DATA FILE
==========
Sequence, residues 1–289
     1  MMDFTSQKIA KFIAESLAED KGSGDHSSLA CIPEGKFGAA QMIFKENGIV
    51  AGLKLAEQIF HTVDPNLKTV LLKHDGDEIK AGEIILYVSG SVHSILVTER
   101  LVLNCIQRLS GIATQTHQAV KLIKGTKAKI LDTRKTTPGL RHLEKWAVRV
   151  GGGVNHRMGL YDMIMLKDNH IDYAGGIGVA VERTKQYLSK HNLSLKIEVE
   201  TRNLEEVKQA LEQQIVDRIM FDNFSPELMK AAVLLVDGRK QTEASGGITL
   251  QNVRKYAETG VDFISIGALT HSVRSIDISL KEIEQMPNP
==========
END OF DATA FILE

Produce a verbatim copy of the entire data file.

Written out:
Sequence, residues 1–289
     1  MMDFTSQKIA KFIAESLAED KGSGDHSSLA CIPEGKFGAA QMIFKENGIV
    51  AGLKLAEQIF HTVDPNLKTV LLKHDGDEIK AGEIILYVSG SVHSILVTER
   101  LVLNCIQRLS GIATQTHQAV KLIKGTKAKI LDTRKTTPGL RHLEKWAVRV
   151  GGGVNHRMGL YDMIMLKDNH IDYAGGIGVA VERTKQYLSK HNLSLKIEVE
   201  TRNLEEVKQA LEQQIVDRIM FDNFSPELMK AAVLLVDGRK QTEASGGITL
   251  QNVRKYAETG VDFISIGALT HSVRSIDISL KEIEQMPNP